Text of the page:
Earlier this week, Kensington Palace confirmed that William Kate and Harry would attend the London Marathon in support of Heads Together, and shared the image of the trio happily smiling wearing their Heads Together headbands that we have seen before… Or was it? It turns out that the photo released was in fact a new image of the shiny, happy royals publicizing their mental health campaign. The confusion largely stemmed from Kate’s apparel – in both images, she is seen sporting a striped Breton style t-shirt.
After it was confirmed that, in fact, the shirts were different, there was no shortage of people confused by her selection. While I admit that it was an odd choice to pose for a photograph which would knowingly be released to promote the London Marathon wearing virtually the same thing you did last time, I think the image also shared with us something that the Royals rarely want us to see: the real them.
Let me back up for a moment. Several months ago, inspired by Marie Kondo’s philosophies, I began to (yet again) sort through my closets. As I sorted through the piles of clothing, I learned three things about myself. One – I own an absurdly large number of grey sweaters. Two – I own an absurdly large number of grey t-shirts and three – I own large numbers of them because they are the very first things I reach for to wear everyday. I subscribe to the uniform dressing philosophy for most of my “off-duty” fashion choices, as described by the Wall Street Journal as “…Calmly slip[ping] on a simple outfit in the morning. Tomorrow, repeat. The concept isn’t far-fetched. The solution lies in defining a personal uniform that can be easily maintained and infrequently updated.”
What we got a glimpse of this week was that the Duchess of Cambridge and I are very much alike in that concept for our “off-duty” dressing. While I wear grey t-shirts and sweaters with gusto, she has likely a similarly sized closet of striped marinère tops. They are the clothes we almost instinctively reach for to wear on a daily basis. The images shared for Heads Together are casual photographs of her with her husband and brother-in-law and likely were taken on days where she was casually approaching her day… In arguably her “off-duty” fashion uniform.
It is not like we haven’t seen Kate in a striped shirt at other casual events in the past.
Or even while on official engagements.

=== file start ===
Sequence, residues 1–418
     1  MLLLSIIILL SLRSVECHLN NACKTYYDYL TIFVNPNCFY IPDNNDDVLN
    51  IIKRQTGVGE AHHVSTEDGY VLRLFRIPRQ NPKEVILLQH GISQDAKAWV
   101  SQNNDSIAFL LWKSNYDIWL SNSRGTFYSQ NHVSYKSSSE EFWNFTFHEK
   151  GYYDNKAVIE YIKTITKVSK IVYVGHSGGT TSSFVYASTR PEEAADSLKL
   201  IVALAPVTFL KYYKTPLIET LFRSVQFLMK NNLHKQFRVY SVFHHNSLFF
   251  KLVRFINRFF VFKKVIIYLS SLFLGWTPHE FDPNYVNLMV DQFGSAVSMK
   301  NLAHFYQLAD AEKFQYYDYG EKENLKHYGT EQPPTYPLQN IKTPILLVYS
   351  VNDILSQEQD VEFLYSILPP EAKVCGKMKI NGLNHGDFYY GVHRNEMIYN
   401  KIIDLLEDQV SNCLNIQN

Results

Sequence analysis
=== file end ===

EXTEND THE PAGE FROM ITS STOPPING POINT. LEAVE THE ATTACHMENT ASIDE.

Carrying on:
But what I think we did see today was, in my opinion, a glimpse into the real Kate. The Kate behind the curtain of royal privacy and secrecy. We all know that Kate is a powerful speaker through her clothing, and I believe that her casual choices speak no less to this than some of her ballgowns. Kate loves herself a good breton stripe top, and I’d be willing to wager that if we asked around with those who interacted with her on a “real life” basis would confirm that she wears these shirts on a regular basis.
I take a personal interest in the breton top because the shirts themselves originated in Brittany, France, where my husband is from. They were originally worn by French sailors in the Navy before being incorporated into civilian life by no less than Coco Chanel before becoming a staple of french fashion. While the boatneck neckline does absolutely nothing for my frame, I marvel at the simplicity and chic look of the tops and find myself not even remotely surprised that the shirt is a staple in a fashion conscious woman like Kate’s everyday wardrobe.
Kate has showed us several variations of the top in the past: the Ralph Lauren Tori top, the Me + Em Breton top and the Tippi from J.Crew. Yesterday’s top was revealed to be the M.i.h Jeans Drew Breton sweater so we can add one more confirmed striped top to the list.
I predict we will see Kate continue to wear these tops for years to come. They’re timeless pieces which we know she loves… And luckily for us, we do too. (And, they’re a cinch to repliKate!)
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